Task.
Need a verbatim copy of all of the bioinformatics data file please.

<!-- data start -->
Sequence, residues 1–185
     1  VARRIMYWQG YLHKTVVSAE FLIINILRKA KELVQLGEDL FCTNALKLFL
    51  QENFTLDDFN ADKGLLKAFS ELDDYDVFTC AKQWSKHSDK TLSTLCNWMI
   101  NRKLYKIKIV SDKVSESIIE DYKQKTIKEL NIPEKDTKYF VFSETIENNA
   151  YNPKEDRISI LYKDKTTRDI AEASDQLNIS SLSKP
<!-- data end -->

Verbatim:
Sequence, residues 1–185
     1  VARRIMYWQG YLHKTVVSAE FLIINILRKA KELVQLGEDL FCTNALKLFL
    51  QENFTLDDFN ADKGLLKAFS ELDDYDVFTC AKQWSKHSDK TLSTLCNWMI
   101  NRKLYKIKIV SDKVSESIIE DYKQKTIKEL NIPEKDTKYF VFSETIENNA
   151  YNPKEDRISI LYKDKTTRDI AEASDQLNIS SLSKP